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I am trying to redirect stdout to a socket. I do something like this:

dup2(new_fd, STDOUT_FILENO);

After doing so all stdio functions writing to the stdout fail. I have tried to reopen stdout this way:

stdout = fdopen(STDOUT_FILENO, "wb");

But printf and other functions still don't work.


I am affraid that I misunderstood the problem at the first place. After some more debugging I've figured out that this is a real issue:

printf("Test"); // We get Broken pipe here
// Reconnect new_fd
dup2(new_fd, STDERR_FILENO);
printf("Test"); // This also returns Broken pipe despite that stdout is fine now


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fdopen only wraps an existing file descriptor. When you call fclose, you close stdout and remove fd 1 as a valid file descriptor. –  Michael Feb 27 '13 at 1:59
It doesn't work even without fclose. After preforming dup2 printf fails but I can still do write() to STDOUT_FILENO. –  Michal Pietras Feb 27 '13 at 2:06
Because you've duplicated new_fd over STDOUT_FILENO, you'll need to close it and reopen. What operating system are you on? –  Michael Feb 27 '13 at 2:09
I use FreeBSD. Yeah, I've duplicated new_fd over STDOUT_FILENO because I want to redirect stdout to the new_fd. –  Michal Pietras Feb 27 '13 at 2:17
Sorry, I had some errors below. Try it now (using "/dev/tty" instead of "/dev/stdout"). –  Michael Feb 27 '13 at 2:41

2 Answers 2

1: on dup2(src, dst)

A number of operating systems track open files through the use of file descriptors. dup2 internally duplicates a file descriptor from the src to dst, closing dst if its already open.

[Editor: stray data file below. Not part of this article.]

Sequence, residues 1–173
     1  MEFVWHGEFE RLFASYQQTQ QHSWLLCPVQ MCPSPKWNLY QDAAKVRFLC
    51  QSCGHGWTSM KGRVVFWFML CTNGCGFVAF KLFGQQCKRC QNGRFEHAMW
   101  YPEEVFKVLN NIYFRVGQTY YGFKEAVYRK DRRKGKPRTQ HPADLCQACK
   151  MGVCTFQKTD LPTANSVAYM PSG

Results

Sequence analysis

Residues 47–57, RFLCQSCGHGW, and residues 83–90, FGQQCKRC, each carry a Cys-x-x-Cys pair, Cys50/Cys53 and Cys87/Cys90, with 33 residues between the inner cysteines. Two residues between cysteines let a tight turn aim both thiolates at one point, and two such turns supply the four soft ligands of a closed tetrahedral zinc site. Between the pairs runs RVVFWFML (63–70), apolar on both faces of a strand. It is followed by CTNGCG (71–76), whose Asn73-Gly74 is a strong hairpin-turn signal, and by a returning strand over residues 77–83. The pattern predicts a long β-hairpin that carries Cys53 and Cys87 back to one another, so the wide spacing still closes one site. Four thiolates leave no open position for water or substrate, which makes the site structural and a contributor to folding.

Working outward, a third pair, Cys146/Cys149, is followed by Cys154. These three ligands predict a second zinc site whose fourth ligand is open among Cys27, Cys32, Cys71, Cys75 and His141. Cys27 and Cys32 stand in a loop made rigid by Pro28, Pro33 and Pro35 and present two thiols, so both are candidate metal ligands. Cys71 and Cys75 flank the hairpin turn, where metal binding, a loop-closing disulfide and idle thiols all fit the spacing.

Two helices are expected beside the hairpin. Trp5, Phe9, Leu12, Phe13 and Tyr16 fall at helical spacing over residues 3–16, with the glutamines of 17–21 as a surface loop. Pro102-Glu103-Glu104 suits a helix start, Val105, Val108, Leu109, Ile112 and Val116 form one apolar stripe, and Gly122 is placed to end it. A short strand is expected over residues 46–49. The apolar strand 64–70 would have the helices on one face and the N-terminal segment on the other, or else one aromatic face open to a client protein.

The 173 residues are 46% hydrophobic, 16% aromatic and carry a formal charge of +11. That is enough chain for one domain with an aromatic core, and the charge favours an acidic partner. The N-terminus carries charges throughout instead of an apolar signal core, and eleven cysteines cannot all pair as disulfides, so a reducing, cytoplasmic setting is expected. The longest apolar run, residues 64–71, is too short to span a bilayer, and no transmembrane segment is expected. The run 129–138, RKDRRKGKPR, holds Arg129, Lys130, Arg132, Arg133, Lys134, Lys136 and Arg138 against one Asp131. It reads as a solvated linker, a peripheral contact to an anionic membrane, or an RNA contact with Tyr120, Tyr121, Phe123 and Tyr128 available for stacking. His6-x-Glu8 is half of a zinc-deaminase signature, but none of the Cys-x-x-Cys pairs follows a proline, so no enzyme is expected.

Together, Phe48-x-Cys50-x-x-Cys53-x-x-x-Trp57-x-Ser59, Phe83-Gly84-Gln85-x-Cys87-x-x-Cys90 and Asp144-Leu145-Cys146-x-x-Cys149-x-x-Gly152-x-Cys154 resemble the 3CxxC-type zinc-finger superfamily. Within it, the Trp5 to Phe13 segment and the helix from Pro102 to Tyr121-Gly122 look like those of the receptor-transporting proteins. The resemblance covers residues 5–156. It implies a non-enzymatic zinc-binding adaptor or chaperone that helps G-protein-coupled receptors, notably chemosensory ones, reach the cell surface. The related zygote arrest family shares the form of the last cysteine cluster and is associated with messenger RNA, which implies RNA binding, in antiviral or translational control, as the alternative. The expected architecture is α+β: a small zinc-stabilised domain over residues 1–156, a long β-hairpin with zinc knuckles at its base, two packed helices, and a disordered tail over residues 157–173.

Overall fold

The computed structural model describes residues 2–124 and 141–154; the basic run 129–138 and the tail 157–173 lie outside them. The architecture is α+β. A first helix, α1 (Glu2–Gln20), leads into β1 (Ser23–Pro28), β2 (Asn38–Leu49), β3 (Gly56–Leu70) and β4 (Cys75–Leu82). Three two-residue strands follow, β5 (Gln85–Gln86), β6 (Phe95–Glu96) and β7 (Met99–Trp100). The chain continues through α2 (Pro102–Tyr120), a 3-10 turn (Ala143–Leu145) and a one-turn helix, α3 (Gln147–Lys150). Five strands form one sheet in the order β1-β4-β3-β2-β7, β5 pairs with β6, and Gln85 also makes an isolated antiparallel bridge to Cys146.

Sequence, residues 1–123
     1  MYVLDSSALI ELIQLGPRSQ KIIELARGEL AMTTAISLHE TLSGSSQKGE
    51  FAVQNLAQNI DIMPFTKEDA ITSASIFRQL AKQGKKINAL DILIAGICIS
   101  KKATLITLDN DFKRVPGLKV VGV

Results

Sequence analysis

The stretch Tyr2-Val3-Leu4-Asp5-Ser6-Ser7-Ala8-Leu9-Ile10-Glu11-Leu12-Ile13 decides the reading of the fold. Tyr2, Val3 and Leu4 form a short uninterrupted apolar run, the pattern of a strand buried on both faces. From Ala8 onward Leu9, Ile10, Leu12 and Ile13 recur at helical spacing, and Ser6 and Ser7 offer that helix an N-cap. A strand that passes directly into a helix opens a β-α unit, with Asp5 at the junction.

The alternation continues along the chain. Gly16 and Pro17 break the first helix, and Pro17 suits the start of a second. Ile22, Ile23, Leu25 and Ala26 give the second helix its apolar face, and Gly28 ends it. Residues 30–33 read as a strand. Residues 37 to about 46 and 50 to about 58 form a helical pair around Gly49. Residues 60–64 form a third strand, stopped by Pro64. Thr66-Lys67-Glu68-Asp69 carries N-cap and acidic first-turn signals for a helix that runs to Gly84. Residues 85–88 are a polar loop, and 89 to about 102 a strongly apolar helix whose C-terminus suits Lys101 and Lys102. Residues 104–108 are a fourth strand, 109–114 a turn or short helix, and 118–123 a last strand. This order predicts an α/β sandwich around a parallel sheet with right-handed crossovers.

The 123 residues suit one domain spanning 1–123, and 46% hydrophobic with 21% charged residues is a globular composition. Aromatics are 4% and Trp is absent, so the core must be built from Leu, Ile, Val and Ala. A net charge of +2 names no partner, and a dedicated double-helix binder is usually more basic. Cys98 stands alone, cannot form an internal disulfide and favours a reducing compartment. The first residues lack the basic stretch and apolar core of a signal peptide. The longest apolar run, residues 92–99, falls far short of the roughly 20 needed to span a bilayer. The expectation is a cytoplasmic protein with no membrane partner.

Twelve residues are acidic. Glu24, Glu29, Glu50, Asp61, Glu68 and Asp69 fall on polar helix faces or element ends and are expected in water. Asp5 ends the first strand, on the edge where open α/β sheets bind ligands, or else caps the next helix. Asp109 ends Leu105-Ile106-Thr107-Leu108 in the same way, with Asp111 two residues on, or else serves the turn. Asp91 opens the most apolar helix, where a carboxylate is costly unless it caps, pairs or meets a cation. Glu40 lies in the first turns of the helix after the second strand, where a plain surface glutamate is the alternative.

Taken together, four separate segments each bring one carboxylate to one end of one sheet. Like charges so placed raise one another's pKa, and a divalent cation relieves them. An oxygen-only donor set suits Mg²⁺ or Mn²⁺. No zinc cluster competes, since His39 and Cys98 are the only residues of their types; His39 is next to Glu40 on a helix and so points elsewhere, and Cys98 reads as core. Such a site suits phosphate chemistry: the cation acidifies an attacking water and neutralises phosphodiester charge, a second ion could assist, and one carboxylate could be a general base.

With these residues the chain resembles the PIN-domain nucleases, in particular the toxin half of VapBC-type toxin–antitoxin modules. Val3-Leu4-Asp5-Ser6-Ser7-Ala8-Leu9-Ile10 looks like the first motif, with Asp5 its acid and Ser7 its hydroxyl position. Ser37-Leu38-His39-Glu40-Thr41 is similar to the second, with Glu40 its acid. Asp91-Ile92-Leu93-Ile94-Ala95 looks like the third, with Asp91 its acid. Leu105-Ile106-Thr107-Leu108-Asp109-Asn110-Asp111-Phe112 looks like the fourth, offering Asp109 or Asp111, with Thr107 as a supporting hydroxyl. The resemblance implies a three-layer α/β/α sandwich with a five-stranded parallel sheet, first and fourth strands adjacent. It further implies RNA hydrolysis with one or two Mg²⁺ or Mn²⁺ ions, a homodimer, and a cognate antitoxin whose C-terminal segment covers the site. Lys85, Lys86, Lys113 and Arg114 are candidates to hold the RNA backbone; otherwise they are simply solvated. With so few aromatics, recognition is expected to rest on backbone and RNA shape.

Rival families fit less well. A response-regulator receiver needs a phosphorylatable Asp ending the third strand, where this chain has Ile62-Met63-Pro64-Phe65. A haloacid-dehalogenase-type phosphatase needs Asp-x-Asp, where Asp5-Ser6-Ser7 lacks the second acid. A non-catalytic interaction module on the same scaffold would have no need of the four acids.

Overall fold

What your first statement is doing is making every write to STDOUT_FILENO to go to the object represented by new_fd. I say object because it could be a socket as well as a file.

I don't see anything wrong with your first line of code, but I don't know how new_fd is defined.

2: on reopening stdout

When you close a file descriptor, the OS removes it from its table. However, when you open a file descriptor, the OS sets the smallest available file descriptor as the returned value. Thus, to reopen stdout, all you need to do is reopen the device. I believe the device changes depending on the OS. For example, on my Mac the device is /dev/tty.

Therefore, to reopen the stdout, you want to do the following:

open("/dev/tty", O_WRONLY);
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Sorry, I don't follow. I don't want to reopen stdout. I want to redirect stdout to a socket. –  Michal Pietras Feb 27 '13 at 13:08
up vote 1 down vote accepted

I've solved the problem by clearing a stdio's error indicator after fixing stdout:


Thanks for your help.

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